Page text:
Executives slide off the rails
The corporate world is awash with stories about supposedly high-flying managers faltering along the way. The London Business School (LBS) has carried out extensive research into 'executive derailment', seeking to find out why so many executives, who enjoy success in their early years, encounter a problem between personal skills and job requirements as they reach a higher managerial level.
Figures indicate that five years into their career journey, only 25 per cent of executives are still on track to achieve their career potential. Another 25 per cent reach a plateau and are unable to progress any further, while a further 25 per cent are made redundant. The rest leave an organisation voluntarily. The research was conducted last year among a sample number of industry sectors globally.
John Wills, London Business School's director of accelerated development programmes, says executive derailment happens across all businesses and at all levels of positions.
'Someone [who] has a good record of accomplishment and seemingly has what it takes to be promoted may actually sow the seeds for their own downfall,' he says. 'For example, over-reliance on a single strength often leads to an inability or unwillingness to accept and learn from failure. Technical or business brilliance can also lead to a narrow focus and approach to business problems. Even ambition can sometimes lead to unethical behaviour and create problems with building trust.' Wills says executives moving to a general management role can no longer rely on specialist knowledge to carry them through. 'To achieve individual success and success for their companies, today's executives require a whole new set of 'big-picture' skills.'
Organisations wishing to avoid losing good people should ensure that tomorrow's leaders receive support through the different transitional stages of management, Wills says.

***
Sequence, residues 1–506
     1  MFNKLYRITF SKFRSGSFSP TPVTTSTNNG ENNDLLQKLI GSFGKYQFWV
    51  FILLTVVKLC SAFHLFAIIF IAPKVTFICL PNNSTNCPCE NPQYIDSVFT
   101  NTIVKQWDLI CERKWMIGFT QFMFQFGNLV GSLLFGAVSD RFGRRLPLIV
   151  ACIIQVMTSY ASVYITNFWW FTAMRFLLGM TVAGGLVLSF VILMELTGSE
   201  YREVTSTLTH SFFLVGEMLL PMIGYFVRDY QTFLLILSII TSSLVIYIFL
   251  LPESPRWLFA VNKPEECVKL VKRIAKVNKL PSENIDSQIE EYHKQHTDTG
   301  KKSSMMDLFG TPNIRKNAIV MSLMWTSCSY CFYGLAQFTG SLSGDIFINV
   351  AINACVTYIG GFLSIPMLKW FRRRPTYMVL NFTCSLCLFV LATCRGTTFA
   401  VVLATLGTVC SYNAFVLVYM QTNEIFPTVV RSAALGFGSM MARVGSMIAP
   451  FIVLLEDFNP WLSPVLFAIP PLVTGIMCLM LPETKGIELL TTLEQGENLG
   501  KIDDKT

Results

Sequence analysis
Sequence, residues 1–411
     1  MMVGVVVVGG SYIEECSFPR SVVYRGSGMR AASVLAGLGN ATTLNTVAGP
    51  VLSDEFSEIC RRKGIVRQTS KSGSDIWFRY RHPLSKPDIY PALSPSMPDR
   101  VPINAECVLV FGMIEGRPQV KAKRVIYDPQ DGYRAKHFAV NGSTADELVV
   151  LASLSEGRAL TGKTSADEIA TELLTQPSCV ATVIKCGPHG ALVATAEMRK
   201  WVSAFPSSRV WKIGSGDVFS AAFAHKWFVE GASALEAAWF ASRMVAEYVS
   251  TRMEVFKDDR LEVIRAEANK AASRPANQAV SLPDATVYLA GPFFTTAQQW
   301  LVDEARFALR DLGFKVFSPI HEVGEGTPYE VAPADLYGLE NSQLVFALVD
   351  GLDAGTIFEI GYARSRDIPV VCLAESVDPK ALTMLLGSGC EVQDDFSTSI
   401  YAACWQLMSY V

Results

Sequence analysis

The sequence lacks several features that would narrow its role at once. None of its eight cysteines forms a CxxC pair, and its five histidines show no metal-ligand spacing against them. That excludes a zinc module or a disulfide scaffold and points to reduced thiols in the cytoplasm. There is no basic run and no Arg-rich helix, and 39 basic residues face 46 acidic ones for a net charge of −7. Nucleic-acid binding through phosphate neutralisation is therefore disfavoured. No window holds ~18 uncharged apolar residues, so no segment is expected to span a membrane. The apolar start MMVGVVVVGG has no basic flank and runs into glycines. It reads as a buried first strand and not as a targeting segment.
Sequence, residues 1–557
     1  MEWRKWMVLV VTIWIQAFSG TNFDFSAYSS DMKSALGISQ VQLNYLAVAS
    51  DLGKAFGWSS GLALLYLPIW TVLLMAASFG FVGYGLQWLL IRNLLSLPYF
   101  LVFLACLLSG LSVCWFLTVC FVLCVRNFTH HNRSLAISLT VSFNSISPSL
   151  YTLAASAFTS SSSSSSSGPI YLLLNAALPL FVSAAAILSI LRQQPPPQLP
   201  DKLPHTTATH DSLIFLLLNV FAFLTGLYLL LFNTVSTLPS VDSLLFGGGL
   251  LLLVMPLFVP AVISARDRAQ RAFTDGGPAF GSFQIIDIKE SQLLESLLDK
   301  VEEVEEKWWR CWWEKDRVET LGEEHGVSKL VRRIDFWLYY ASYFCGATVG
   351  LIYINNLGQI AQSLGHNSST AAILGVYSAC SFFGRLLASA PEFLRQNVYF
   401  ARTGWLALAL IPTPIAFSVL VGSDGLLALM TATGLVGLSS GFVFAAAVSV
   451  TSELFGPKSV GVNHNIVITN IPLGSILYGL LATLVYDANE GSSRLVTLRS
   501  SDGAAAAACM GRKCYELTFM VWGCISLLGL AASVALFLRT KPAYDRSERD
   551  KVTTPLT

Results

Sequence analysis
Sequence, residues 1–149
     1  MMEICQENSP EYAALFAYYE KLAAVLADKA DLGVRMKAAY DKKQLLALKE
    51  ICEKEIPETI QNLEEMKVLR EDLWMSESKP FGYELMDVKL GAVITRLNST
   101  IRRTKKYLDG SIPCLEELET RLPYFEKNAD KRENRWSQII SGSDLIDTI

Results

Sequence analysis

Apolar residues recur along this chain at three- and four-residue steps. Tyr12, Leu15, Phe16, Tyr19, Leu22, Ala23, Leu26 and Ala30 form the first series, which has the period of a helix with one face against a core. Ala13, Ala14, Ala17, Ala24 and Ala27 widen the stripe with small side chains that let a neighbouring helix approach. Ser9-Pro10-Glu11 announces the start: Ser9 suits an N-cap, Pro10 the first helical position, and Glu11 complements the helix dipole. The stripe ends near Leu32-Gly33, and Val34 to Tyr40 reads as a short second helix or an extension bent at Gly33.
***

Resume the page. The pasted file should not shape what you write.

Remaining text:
Mary Greene, London Business School's director for business development and executive education, says employers need to be aware that today's up-and-coming executives are different from a decade ago. 'Whether it is the influence of the internet and the fact that so much information is available, surveys show the aspirations and expectations of young management professionals are completely different from those of their counterparts in the 1990s.
They are striving for more and expect more opportunities, support and training from their companies,' Greene says.
Emilia Gallo, a Hong Kong-based human resources leadership and development consultant, says executive derailment has always been a feature of the Hong Kong business landscape but recently has become more prevalent. 'Often executives are derailed because they have made an error of judgment, but by far the biggest reason this happens is because of internal politics,' she says.
'The financial crisis has resulted in a lot of executive redundancies followed by a rapid hiring frenzy when the markets bounced back, which has consequently led to a lot of people being placed in senior positions who perhaps shouldn't be there.'
Gallo says companies should concentrate on internal succession planning during good and bad business cycles. Faced with a talent shortage, they should also identify the essential executive skills they need to run their business and focus less on peripheral skills.
Individuals should take greater control of their careers and rely less on their companies to guide them. Gallo says the good news for those who feel they have become derailed is they can bounce back, and are often stronger than before. 'When people work out the things they are good at ... and stop trying to be all things to all people, they are usually happier and do a better job for their employers,' she says.
Staying on track
LBS offers executive programmes to broaden and strengthen key skills, which can help avoid executive derailment
Up-and-coming executives should do more to take control of their careers
Companies need to work on mitigating talent shortages and building a platform for future leadership roles